Symmetries are a fundamental concept in physics. They describe an observed (measured) feature of a physical system which is unchanged (i.e. symmetric) under some transformation. In other words, certain properties of a physical system should not change just because we observe it differently. Some of these transformations are continuous (for example translation or rotation), while others are discrete (for example mirroring). Three discrete symmetries are fundamental in today's physics:
- C (charge): each particle is replaced by its antiparticle (which has opposite charge)
- P (parity): all three spatial coordinates are reversed (mirrored)
- T (time): the direction of time is reversed
For a long time, it was believed that these three discrete symmetries are always valid. Later, however, it was discovered that for example P symmetry can be violated. After that it was believed that at least the combined CP symmetry is always valid. It turned out, however, that even the CP symmetry can sometimes be violated. (This discovery was worth a Nobel Prize.) Right now it is believed that the combined CPT symmetry is always valid. This assumption is deeply embedded into today's physical theories, for example in the so called Standard Model of particle physics. This is a very elaborate theory of the fundamental particles which build up and hold together the Universe, but we know that it is still incomplete. There are some extensions to the Standard Model in which even CPT symmetry might be violated. So far there is no experimental evidence for this, but given the fundamental nature of CPT symmetry, it is very important to search for such a violation.
One important tool in this search is antimatter. Antimatter can be thought of as a mirror image of ordinary matter. Every kind of particle has an antiparticle counterpart: proton - antiproton, neutron - antineutron, electron - positron, and so on. According to the CPT symmetry, the physical properties (mass, charge, magnetic moment, etc.) of an antiparticle should be exactly the same (e.g. mass) or opposite (e.g. charge) of those of the particle. Besides, every time a matter particle is created from energy (following Einstein's famous E = mc2 formula), an antimatter particle is also created at the same time. But if this was also true during the Big Bang (when the Universe was created from energy), then besides all the matter which surrounds us, there should also be just as much antimatter in the Universe. However, according to our observations, the Universe consists entirely of matter. Why there is no antimatter in the Universe? Maybe the CPT symmetry is broken?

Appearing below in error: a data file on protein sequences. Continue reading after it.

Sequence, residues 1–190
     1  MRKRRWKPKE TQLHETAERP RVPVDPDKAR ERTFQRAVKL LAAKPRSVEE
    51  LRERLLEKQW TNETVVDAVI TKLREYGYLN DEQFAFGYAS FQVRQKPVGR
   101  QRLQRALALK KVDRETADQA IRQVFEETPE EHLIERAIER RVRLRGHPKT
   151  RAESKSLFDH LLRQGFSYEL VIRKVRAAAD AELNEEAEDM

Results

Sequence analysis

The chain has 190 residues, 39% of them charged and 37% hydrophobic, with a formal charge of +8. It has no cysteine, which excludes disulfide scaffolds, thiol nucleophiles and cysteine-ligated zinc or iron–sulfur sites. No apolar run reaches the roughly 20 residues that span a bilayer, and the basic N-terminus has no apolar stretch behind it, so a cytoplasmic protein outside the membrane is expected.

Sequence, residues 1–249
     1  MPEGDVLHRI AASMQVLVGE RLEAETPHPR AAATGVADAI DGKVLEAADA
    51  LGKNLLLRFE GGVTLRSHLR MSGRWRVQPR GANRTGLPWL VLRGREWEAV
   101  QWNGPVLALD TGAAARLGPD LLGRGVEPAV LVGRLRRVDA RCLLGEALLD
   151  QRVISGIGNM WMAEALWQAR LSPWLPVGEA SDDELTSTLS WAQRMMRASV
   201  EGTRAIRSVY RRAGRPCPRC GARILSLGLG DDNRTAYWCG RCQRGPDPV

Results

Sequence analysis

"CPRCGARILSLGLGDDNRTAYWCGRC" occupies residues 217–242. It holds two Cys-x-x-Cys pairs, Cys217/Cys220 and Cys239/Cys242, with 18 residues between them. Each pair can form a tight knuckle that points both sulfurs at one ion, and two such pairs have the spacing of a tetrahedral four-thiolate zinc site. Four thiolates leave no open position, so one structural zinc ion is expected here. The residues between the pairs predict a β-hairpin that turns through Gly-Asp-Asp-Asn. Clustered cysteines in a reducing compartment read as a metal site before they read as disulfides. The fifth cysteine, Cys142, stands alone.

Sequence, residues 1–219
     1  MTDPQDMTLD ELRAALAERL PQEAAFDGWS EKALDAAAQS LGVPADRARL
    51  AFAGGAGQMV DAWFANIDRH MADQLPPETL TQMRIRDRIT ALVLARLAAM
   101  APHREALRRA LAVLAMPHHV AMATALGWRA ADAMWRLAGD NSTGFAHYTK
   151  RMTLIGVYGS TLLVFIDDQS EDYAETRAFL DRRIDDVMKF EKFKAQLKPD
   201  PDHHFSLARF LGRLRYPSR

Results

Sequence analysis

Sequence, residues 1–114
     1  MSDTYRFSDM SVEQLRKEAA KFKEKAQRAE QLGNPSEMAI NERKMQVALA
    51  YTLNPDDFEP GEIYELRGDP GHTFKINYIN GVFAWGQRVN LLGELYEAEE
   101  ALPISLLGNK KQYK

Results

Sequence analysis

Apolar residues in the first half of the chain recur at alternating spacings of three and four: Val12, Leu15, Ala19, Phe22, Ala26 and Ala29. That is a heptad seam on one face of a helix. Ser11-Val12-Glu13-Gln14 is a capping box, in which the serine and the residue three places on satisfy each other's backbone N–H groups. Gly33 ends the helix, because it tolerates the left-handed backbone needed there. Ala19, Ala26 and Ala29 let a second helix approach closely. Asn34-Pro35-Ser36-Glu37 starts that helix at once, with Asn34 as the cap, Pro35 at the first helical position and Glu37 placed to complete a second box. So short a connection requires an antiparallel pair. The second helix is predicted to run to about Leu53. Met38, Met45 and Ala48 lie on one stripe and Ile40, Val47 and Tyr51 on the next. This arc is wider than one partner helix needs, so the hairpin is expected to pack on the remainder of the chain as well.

To search for a violation of CPT symmetry, the ASACUSA collaboration is measuring the properties of antimatter at the Antiproton Decelerator of CERN, Geneva, Switzerland. As a leading member of this collaboration, the Stefan Meyer Institute in Vienna, Austria, is studying antihydrogen, which consists of an antiproton and a positron. It is the antimatter counterpart of the simplest matter atom, hydrogen. The lowest-lying (ground) state of hydrogen is not a single state but split into two substates. The energy difference between them is very small, equivalent to a frequency of 1.42 GHz, or a wavelength of 0.21 m. (This is the famous 21 cm hydrogen line which the radio astronomers often use to observe the Universe.) This transition frequency has been measured to an extremely high precision of 10-12 (1 part in thousand billion) in hydrogen. Our goal is to measure this for the first time ever in antihydrogen with a precision better than 10-6, and thus testing the validity of the CPT symmetry in antihydrogen to a similar precision.
Antihydrogen atoms have already been produced by the ASACUSA collaboration in an electromagnetic trap. The next step will be to extract them from the trap and study them in flight using a radiofrequency spectroscopy technique. A spectrometer beam line is built, which consists of a radiofrequency resonator to induce the 1.42 GHz transition, a superconducting sextupole magnet to test whether the transition has taken place, and an antihydrogen detector. This is the same technique which was used for hydrogen 50 years ago - now history is repeating itself. The measurements will commence soon, and we are eager to have the first results with antihydrogen.